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Several algorithms that generate the set of all formal concepts and diagram graphs of concept lattices are considered. Some modifications of wellknown algorithms are proposed. Algorithmic complexity of the algorithms is studied both theoretically (in the worst case) and experimentally. Conditions of preferable use of some algorithms are given in terms of… (More)
An incremental concept lattice construction algorithm, called AddIntent, is proposed. In experimental comparison, AddIntent outperformed a selection of other published algorithms for most types of contexts and was close to the most efficient algorithm in other cases. The current best estimate for the algorithm’s upper bound complexity to construct a concept… (More)
We present an application of formal concept analysis aimed at representing a meaningful structure of knowledge communities in the form of a lattice-based taxonomy. The taxonomy groups together agents (community members) who develop a set of notions. If no constraints are imposed on how it is built, a knowledge community taxonomy may become extremely complex… (More)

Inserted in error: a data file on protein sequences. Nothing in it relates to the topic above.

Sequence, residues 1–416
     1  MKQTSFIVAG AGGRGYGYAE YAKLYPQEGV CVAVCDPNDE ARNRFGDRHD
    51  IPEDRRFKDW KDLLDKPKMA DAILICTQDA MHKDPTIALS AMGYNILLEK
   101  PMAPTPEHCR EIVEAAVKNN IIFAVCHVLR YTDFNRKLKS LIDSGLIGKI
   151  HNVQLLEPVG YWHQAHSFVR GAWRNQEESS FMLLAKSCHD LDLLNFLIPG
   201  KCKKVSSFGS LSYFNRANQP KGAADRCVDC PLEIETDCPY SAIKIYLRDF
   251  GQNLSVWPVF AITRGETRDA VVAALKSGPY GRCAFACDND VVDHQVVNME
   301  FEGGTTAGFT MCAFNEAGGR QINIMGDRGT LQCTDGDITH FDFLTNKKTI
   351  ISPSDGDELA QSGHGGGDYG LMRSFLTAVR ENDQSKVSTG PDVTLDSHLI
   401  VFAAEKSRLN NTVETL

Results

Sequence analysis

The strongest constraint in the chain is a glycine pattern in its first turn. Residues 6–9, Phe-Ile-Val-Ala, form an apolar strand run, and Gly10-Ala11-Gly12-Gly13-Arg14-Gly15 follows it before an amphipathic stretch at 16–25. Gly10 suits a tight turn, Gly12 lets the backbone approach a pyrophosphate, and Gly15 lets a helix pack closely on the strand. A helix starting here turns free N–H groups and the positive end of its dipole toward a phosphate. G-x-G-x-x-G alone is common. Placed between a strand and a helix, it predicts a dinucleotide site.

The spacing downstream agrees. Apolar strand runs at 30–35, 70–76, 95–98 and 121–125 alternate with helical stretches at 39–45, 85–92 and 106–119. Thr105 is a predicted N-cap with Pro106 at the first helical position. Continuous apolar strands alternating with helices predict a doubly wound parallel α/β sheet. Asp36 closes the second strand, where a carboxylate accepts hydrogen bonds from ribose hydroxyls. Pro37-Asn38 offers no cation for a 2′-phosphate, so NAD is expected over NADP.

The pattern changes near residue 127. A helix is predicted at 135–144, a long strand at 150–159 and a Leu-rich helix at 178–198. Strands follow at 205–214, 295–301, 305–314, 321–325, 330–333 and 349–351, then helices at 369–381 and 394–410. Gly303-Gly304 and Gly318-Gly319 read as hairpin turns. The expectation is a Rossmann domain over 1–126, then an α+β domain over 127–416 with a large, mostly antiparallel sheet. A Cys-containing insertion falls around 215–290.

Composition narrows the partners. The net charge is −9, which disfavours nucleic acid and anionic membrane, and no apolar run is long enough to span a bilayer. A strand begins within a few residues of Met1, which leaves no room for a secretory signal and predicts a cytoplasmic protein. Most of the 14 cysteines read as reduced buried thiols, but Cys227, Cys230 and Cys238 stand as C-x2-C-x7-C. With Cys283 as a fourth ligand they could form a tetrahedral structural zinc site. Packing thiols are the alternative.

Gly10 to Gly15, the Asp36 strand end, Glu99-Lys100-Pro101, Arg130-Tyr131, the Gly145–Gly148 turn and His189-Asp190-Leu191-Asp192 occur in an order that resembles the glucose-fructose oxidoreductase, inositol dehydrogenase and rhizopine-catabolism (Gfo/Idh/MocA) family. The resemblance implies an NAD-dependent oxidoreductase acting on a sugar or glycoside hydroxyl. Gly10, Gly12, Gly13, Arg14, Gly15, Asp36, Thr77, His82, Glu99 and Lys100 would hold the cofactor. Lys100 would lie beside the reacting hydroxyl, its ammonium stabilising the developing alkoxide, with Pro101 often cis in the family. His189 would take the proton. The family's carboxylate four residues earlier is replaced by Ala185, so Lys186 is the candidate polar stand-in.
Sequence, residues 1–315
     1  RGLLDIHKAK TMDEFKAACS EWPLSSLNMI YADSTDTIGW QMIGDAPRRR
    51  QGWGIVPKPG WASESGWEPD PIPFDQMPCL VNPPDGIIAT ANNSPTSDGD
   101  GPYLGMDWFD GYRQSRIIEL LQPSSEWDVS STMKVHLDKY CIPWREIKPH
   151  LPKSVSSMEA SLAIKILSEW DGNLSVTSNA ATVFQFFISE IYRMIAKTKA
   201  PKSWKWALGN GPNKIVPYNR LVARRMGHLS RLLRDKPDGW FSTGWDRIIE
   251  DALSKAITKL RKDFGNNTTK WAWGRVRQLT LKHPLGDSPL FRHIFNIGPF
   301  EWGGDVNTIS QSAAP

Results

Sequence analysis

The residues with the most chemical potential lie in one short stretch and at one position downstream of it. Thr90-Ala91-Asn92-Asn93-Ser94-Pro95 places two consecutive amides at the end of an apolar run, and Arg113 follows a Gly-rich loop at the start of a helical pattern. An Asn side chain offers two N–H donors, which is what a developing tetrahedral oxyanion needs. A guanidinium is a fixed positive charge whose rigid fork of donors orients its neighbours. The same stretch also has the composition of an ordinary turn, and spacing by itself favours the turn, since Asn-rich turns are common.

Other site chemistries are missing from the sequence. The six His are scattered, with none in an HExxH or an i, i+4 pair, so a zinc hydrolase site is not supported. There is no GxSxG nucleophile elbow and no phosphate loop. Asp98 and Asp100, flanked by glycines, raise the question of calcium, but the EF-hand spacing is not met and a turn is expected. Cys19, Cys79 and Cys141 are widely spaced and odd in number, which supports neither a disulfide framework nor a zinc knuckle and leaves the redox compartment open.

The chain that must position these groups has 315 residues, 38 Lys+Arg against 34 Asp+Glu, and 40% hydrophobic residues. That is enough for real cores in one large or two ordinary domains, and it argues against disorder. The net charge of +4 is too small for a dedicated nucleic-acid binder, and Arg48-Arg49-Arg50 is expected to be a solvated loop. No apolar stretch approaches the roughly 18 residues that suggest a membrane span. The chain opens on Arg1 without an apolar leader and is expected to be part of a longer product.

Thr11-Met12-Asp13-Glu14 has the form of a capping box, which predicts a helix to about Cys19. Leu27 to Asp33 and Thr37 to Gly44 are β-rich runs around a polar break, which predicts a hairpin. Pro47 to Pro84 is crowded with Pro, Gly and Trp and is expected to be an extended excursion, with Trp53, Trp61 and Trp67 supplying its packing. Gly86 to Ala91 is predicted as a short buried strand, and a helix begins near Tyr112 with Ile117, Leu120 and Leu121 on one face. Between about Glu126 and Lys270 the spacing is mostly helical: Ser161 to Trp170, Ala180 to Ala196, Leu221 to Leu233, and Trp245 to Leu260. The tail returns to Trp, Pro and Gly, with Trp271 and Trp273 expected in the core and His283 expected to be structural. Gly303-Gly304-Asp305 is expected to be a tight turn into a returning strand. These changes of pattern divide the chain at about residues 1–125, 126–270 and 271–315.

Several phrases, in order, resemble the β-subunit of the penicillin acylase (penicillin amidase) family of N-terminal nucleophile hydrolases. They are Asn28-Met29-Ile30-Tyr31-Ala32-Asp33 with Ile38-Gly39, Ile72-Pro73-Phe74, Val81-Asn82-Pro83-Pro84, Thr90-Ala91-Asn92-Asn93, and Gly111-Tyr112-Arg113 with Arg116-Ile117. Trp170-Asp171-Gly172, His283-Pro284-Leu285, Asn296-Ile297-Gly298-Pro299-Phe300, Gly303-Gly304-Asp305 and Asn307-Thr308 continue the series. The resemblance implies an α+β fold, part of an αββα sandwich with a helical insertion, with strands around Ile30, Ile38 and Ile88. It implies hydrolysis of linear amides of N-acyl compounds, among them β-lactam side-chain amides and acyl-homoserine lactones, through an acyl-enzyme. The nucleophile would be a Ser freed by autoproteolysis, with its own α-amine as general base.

Representing concept lattices constructed from large contexts often results in heavy, complex diagrams that can be impractical to handle and, eventually, to make sense of. In this respect, many concepts could allegedly be dropped from the lattice without impairing its relevance towards a taxonomy description task at a certain level of detail. We propose a… (More)
We present an application of formal concept analysis aimed at creating and representing a meaningful structure of knowledge communities under the form of a lattice-based taxonomy built upon groups of agents jointly manipulating some notions. The resulting structure is however usually extremely complex, hence uneasy to comprehend. We consider two approaches… (More)
We propose a new algorithm constructing the canonical implication basis of a formal context. Being incremental, the algorithm processes a single attribute of the context at a single step. Experimental results bear witness to its competitiveness.
Implications of a formal context (G,M, I) have a minimal implication basis, called Duquenne-Guigues basis or stem base. It is shown that the problem of deciding whether a set of attributes is a premise of the stem base is in coNP and determining the size of the stem base is polynomially Turing equivalent to a #P-complete problem.